Inside far-right American militia networks arming themselves for Civil War

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Inside far-right American militia networks arming themselves for Civil War

Gun-toting militias are arming themselves across America as they fear a coming Civil War as Joe Biden prepares to become president.

Hundreds of far-right groups have sprung up across the U.S. and are ramping up recruitment in the fallout from the highly charged election and the COVID-19 pandemic.

Online forum My Militia, which promotes itself as an American Patriot Network has more than 20,000 users and has seen a flurry of activity in recent weeks.

The network claims there are 543 militias currently active in the U.S., carries instructions on how to make “explosives” and “improvised” weapons, survivalist tips, threads dedicated to conspiracy theories, and lists of names of members of Antifa.

Protesters in military fatigues stand at the Capitol building in Salem. Credit - Associated Press
Protesters in military fatigues stand at the Capitol building in Salem. Credit – Associated Press

Many of the self-appointed militiamen say they are preparing to ride out mass “civil unrest”, while others more dramatically predict an upcoming Civil War.

It comes after a string of violence over the summer with Trump blaming extreme left-wing groups for stoking mayhem.

Some groups are braced for attacks by Antifa who Trump-branded scum after clashes at a recent marches in Washington DC.

Dr. Rakid Ehsan, a research fellow from think tank the Henry Jackson Society, told The Sun Online the rise of these groups is deeply concerning for the U.S.

He warned the potential of these organizations clashing with extreme left-wing groups could turn the U.S. into a powder-keg.

Fears of civil unrest have been mounting following the election as the White House alleges the far-left is to blame for much of the bloodshed in the wake of George Floyd’s death.

U.S. Attorney General William Barr has previously said the Justice Department is monitoring Antifa.

One poster warns prepare daily as she shows off his ammo
My Militia users show off their stockpiles of weapons such as bear mace

This country will never be the same. Bad s*** on the horizons here folks. Be Ready, warns a user named Ranger3%, from New Hampshire.

He has a picture of a man in combat fatigues and carrying a rifle on his profile, and identifies as a member of the known far-right group The Three Percenters.

Disturbing content is filed away on the resources section of the website, which includes sections such as intelligence, tactics, and munitions.

One post in the intelligence forum allegedly contains a list of names of members of Antifa in Portland, Oregon.

And a post also publishes the names of 650 people who were said to have counter protested the Unite the Right rally in Charlottesville in 2017.

In the tactics section, one user shares a video which details how to use legal parts to create a homemade silencer and how to convert a rifle into a machine gun.

Under munitions, you can find links to documents such as the infamous Anarchist Cookbook, a manual that continues instructions on “how to make bombs”.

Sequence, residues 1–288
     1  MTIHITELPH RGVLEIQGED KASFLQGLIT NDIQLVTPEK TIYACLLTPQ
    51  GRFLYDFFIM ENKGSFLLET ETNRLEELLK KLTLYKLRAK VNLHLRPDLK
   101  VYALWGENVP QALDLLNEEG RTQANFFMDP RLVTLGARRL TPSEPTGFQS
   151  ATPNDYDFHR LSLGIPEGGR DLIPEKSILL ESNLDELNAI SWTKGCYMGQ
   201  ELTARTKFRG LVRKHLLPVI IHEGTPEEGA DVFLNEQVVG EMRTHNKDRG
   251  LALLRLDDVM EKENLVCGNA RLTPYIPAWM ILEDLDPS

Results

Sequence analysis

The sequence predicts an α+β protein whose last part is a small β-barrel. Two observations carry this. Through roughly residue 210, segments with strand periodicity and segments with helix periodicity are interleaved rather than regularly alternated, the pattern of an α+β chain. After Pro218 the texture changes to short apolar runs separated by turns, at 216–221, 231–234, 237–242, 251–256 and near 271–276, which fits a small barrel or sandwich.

Threads even contain guides on how to construct homemade grenade launchers, mines, flamethrowers, anti-tank weapons, and even napalm.

Other posts detail “how to make Molotov cocktails” and “how to set boobytraps” like the ones used by the Viet Cong during the Vietnam War.

Maiorana, 54, from Staten Island, is reported to have used the site as he called for pipe bombs to throw at mobs of potentially non-violent protesters.

Police found the sex offender had in his possession a semiautomatic pistol, a Taser, a crossbow, an expandable baton, the upper portion of an AR-15 assault rifle, and several rounds of ammunition.

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Suspected mosque bomber Michael Hari, 49, is also reported to have used the site to try and organize his White Rabbit Militia.

Prosecutors say he attacked with Dar-ul-Farooq Islamic Center in Minneapolis as well attempting to bomb a women’s clinic in Champaign, Illinois.

He is reported to have used My Militia to attempt to call people to take up arms in his hometown of Clarence as he was on the cusp of being arrested by the FBI.

Armed men are becoming a common sight at Trump rallies. Credit - Associated Press
Armed men are becoming a common sight at Trump rallies. Credit – Associated Press
One supporter of Trump holds a gun. Credit - Associated Press
One supporter of Trump holds a gun. Credit – Associated Press

The militia groups can be seen as reacting to allegations of Antifa activity as tensions escalate across the country.

Antifa is an umbrella term for far-left militant groups that resist neo-Nazis and white supremacists.

The size of Antifa is not known, and it is believed not to have any leaders.

Donald Trump has blamed Democrats for enabling the movement, and Barr has said police in every city where there have been protests identified “Antifa” as the ramrod for the violence.

It comes as Donald Trump fired Chris Krebs, the director of the Cybersecurity and Infrastructure Security Agency, after he defied the President by not endorsing his claims of voter fraud.

The President and his team continue to dispute the results of the election with Rudy Giuliani holding a press conference in which he claimed there was a centralized Dem plot to steal the White House.

Trump’s rheotic has inspired Stop the Steal rallies across the U.S., and an event last weekend at Washington dubbed the Million MAGA March.

Despite his insistence he won, Joe Biden and his vice president Kamala Harris remain expected to be sworn in on 20 January.